Not only are they singing wildly different words, they are singing entirely different tunes (as opposed to singing in a normal harmony, where you are mostly just offset from the main melody). It’s stunning. The focus that they each need to maintain is incredible, but we shouldn’t care if it’s hard for them, we should care whether the result is sonically gorgeous. It is, in every way. Bravo!

If you’re interested in checking it out, go to their MySpace page, and the second song (at least as of this writing) is Everything’s Easy. Enjoy!

When they got to the request section (they do that at every show), I yelled (twice, at the top of my lungs) Hold It All At Bay. I was only five feet away from Doris, perhaps 10 from Ty, so I know they heard me. Unfortunately, lots of other people yelled out lots of other song requests, and I don’t think I heard any other requests for Hold It All At Bay.

I love so many of their songs so much, that it somehow feels silly to say “My favorite song of theirs is Hold It All At Bay”. And yet, I can say it with no caveat or hesitation. While there may be two dozen close seconds, from the first second I heard that song, it remains the most played song on my iPod, and it moves me (lyrically and musically) each and every time I listen to it.

I hadn’t heard them sing it live in a while, and I fully expected to miss out again last night. While I might never be sure, I want to believe that they chose to give me a personal gift when they decided to play Hold It All At Bay for the first request. They couldn’t have played it better! Thank you Girlyman! :-)

Since they knew that they didn’t pick the most called for song, they were kind enough (and connected enough with their audience) to select another song for a request after that as well.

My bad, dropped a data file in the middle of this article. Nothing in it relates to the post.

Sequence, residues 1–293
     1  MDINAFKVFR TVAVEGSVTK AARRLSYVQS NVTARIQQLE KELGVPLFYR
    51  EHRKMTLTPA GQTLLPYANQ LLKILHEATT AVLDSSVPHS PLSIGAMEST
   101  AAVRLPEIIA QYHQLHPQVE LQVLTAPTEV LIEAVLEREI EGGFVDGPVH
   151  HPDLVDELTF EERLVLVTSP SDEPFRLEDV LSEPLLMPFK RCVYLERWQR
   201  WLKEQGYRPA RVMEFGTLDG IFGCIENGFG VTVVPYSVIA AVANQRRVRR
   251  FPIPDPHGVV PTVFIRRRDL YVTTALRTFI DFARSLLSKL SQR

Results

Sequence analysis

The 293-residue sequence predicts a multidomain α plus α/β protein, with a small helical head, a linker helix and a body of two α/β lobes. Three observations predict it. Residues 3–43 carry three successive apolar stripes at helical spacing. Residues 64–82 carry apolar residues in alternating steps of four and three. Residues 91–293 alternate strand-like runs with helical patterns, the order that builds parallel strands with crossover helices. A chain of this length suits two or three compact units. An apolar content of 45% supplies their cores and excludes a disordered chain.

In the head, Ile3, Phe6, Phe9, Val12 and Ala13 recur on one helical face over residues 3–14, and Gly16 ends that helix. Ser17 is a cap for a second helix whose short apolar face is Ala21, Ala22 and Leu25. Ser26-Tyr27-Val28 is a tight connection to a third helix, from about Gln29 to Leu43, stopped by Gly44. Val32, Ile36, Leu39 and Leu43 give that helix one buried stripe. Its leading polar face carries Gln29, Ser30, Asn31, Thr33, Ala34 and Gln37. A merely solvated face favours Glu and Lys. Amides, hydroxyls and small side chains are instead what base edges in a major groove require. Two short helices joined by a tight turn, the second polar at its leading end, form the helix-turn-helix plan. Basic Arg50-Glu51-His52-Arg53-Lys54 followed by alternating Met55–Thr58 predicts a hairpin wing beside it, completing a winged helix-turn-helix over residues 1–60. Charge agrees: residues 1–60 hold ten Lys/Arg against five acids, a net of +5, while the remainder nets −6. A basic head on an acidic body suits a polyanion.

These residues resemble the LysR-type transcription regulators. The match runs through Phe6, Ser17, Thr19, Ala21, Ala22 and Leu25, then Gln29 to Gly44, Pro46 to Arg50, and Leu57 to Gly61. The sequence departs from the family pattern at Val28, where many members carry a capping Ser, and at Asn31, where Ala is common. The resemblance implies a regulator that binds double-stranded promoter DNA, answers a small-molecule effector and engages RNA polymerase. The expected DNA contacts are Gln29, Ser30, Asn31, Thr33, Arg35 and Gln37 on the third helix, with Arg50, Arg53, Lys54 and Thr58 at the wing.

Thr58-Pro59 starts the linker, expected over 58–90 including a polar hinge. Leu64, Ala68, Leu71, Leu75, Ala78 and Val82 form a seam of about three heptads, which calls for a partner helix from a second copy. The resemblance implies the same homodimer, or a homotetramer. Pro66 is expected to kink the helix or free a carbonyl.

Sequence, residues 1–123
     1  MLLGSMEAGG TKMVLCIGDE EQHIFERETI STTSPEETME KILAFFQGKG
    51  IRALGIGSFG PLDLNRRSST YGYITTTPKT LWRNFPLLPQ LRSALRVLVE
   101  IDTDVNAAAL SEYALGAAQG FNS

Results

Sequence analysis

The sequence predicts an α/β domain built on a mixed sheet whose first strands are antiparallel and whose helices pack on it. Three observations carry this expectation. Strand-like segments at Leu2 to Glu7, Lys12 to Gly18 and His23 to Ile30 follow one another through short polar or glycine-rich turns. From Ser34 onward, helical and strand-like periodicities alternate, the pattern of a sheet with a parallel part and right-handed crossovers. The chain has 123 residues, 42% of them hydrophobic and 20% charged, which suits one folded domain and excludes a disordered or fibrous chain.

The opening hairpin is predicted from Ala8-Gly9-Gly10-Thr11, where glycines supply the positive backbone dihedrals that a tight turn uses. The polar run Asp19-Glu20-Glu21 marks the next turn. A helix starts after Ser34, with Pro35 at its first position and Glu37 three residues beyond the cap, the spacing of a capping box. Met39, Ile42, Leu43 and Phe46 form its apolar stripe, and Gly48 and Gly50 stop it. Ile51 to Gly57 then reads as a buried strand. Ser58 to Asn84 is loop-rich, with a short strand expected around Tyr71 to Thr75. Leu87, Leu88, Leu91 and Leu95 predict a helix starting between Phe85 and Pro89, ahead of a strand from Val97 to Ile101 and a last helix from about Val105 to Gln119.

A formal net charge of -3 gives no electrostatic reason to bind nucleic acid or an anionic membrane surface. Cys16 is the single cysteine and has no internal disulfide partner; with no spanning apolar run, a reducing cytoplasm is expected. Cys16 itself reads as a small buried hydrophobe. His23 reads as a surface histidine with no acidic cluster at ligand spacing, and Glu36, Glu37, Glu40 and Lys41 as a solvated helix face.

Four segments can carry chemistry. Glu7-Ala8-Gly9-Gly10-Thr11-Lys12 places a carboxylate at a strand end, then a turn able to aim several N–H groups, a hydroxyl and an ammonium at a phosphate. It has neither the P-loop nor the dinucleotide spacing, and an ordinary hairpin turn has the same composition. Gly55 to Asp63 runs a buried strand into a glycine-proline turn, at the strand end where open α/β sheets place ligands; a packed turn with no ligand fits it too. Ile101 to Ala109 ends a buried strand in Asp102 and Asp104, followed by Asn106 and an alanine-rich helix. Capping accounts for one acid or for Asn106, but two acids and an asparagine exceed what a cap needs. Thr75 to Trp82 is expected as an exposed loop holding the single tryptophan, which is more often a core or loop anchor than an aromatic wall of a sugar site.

They closed the show with Joyful Sign. When they returned for the encore (as the result of a standing ovation) they played Nate’s new song (the one I didn’t know the title of in yesterday’s post). I think he didn’t mention the title last night either, but he did give the same cute intro. Lois and I are calling the song “My Eyes Get Misty” until we hear differently. They skipped the typical Girlyman Benediction song (which I love) and went straight to their stock closing number Son Of A Preacher Man (which they nail, every time!).

In total, they were on stage for 110 minutes. This was fantastic. It wasn’t just the extra five minutes over the night before, but they also came on later due to the opening act (different from the night before) being on stage significantly longer.

Girlyman

Girlyman

The opening act last night was Chelsea Lee (we didn’t know there would be one until we showed up). She came out at 7:30pm accompanied by Todd Wright on guitar (and harmony). Chelsea has a stunning voice, truly extraordinary. Todd is a good rhythm guitarist, whose voice complements Chelsea’s on their harmonies, perfectly. Unfortunately, since she’s the star, and they’re not officially a duo, he doesn’t sing nearly enough with her. Not that her voice isn’t amazing all by itself (it most definitely is), but their blended voices are even better.

Chelsea Lee

Chelsea Lee

As spectacular as Chelsea’s voice is, her material (mostly, if not all written by her) doesn’t live up to the same standard. It’s actually reasonably repetitive, both in general feel/sound, as well as brooding theme. She would do better playing in a real Blues Club (in my opinion) than in a place like the Birchmere. She’s a cross between Blues and Jazz. While Todd’s guitar playing complemented her really well, I couldn’t help but think that if there was a soulful grand piano accompanying her, in a blues club setting, she might have come across more authentically.

Todd did something that perhaps other musicians do regularly on stage, but I am generally unaware of the technique. Because we sat so close to him, I was able to see it clearly (this time). On one number, he clicked a switch with his sneaker on a board full of switches. Apparently, that started recording what he was playing. After a few bars, he clicked another switch and the previous recording started playing back in a loop. He literally took his hands off the guitar, but the sound kept coming out of the Birchmere speakers accompanying Chelsea.

Then, after a few seconds, he played a little lead guitar, supported by his own strumming, which he had just recorded live. After a few more bars of that, he eased back into strumming along with the recording, and when that was sync’ed up correctly, he turned off the recording and was back to strumming live only. It was an interesting and cool experience, which might be going on more often on stage than I previously realized.

Todd Wright

Todd Wright